EB5 Investors Magazine Volume 2 Issue 1 | Page 40

EB-5 Investors & the Perils of U . S . Estate and Gift Taxes

Making an EB-5 investment is an important decision for anyone interested in the EB-5 program . Investors are routinely warned to perform due diligence on the professionals and regional centers they choose , and to consult with trusted advisors on all aspects of projects they are considering , but in my EB-5 practice it is alarming to witness how few EB-5 investors obtain income , estate , and gift tax advice from qualified U . S . tax professionals . Most immigration attorneys , both verbally and in their written fee agreements , recommend that their clients seek tax counsel , even though clients rarely do so . The United States imposes income tax on the worldwide income of its citizens and green card holders , even if they reside overseas . EB-5 investors who receive their green cards through the program — or through any other means — automatically subject themselves to classification as a U . S . domicile and the tax requirements that come with it . Taxes collected by the United States government , at both the state and the federal level , go toward providing important public services in the country . Tax dollars help pay for infrastructure , public safety , health services , and notably education , which is an important benefit for investors and their children . Without taxes , the United States would not be able to fund programs that make the country so appealing to foreign investors in the first place . Nonetheless , there are steps investors can take , with tax advisors , to ensure that they are paying the appropriate amount of tax for their situation . EB-5 investors are well-advised to seek out comprehensive tax planning advice to ensure that they achieve their immigration goals while avoiding unnecessary taxes . by Mark Ivener and Gary Wolfe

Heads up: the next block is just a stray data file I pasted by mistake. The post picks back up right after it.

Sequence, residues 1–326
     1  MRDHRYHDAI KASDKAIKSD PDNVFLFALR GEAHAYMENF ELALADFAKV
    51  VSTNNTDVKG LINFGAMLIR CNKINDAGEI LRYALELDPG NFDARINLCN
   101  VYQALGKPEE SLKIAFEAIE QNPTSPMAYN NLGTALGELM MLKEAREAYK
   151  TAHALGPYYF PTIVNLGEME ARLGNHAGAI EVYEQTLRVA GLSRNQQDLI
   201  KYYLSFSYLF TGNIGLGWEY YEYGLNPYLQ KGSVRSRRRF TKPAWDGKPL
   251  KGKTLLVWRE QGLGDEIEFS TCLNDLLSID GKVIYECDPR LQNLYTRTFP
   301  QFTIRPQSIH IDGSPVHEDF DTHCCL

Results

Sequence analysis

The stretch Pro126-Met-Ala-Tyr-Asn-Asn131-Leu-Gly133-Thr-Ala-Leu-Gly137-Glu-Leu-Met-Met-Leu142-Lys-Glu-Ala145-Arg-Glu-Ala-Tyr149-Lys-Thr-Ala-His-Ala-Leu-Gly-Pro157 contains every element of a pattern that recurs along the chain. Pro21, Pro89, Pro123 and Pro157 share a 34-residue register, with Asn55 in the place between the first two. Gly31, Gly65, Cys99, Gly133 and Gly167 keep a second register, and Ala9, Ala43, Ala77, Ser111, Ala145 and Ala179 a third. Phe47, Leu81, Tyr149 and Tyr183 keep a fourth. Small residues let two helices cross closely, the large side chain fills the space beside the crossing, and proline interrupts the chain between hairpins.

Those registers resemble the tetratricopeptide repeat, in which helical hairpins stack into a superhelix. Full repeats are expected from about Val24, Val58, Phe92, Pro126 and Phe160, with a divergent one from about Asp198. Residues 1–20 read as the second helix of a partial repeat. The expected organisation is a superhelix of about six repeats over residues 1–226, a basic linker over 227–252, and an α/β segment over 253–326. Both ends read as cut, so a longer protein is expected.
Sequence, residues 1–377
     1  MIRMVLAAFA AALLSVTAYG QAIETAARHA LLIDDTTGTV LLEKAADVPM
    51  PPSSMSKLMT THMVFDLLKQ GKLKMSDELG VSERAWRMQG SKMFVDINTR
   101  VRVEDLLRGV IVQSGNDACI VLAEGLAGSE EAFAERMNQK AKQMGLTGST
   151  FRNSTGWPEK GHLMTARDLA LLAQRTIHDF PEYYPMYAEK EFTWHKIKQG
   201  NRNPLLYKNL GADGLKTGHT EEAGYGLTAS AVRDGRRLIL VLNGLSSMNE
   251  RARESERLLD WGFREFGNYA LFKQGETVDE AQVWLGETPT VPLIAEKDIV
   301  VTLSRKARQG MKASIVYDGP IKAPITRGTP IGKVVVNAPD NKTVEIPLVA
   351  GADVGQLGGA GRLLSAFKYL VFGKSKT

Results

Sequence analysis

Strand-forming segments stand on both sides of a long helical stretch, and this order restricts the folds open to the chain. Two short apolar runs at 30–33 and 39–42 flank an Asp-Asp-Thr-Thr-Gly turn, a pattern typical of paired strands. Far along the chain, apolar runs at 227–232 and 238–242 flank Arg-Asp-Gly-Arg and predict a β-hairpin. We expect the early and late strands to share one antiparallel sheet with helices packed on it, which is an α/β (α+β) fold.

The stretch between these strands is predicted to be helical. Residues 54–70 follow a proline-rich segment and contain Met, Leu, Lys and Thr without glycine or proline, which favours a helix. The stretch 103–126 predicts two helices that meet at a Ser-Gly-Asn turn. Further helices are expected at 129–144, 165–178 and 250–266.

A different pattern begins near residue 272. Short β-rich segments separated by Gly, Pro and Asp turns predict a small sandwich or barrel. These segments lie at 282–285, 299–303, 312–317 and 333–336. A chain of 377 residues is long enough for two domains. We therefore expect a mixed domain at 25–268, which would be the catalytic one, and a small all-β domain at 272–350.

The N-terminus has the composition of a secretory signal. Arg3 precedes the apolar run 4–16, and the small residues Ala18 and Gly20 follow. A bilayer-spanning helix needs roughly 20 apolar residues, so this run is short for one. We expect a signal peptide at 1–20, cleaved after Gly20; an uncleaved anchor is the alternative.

A U . S . domicile is a non-U . S . citizen who relocates to the United States with the intention to reside permanently in the country . EB-5 investors who receive both conditional and permanent green cards subject themselves to classification as U . S . domiciles , and are hence subject to U . S . estate and gift tax on their worldwide estates . If EB-5 investors receive green cards , under IRS audit procedures , it may be construed as evidence of intent to permanently reside in the United States , subjecting them to U . S . estate and gift tax on their worldwide assets .
Classification as a U . S . domicile may invite increased scrutiny by the IRS — what industry insiders refer to as an audit trap — so it is important that EB-5 investors and their advisers understand which tax classification applies to their specific cases to avoid unnecessary trouble and costs . Additionally , classification as a U . S . domicile is especially important because it affects the amount of taxes that a tax subject is required to pay . Avoiding U . S . domicile status may seem inviting to the tax-conscious EB-5 investor , since non-U . S . domiciles living in the country are only subject to U . S . estate and gift tax in certain circumstances . Furthermore , a non-U . S . domicile would not have a U . S . estate and gift tax on non-U . S . assets ( ie . worldwide assets ), or be subject to U . S . estate tax on life insurance proceeds , and certain bank accounts and portfolio debt . However , because the very nature of the EB-5 program is to establish investors as permanent residents , and therefore U . S . domiciles according to the IRS , can EB-5 investors simultaneously protect their immigration benefits and minimize their tax liability ?
Is the EB-5 investor a U . S . domicile ?
Although the EB-5 program was first established in 1990 , it has only picked up steam in the last decade , making it a newer program , so U . S . estate and gift tax law has not yet definitively addressed EB-5 tax issues . While the classification of a U . S . domicile applies to a variety of resident visas , rarely is the topic approached in an EB-5-specific context . Given the U . S . government ’ s huge deficits and need for new sources of revenue , it is likely this issue will be addressed as more foreign investors pour funds into U . S . real estate , companies , and investment portfolios .
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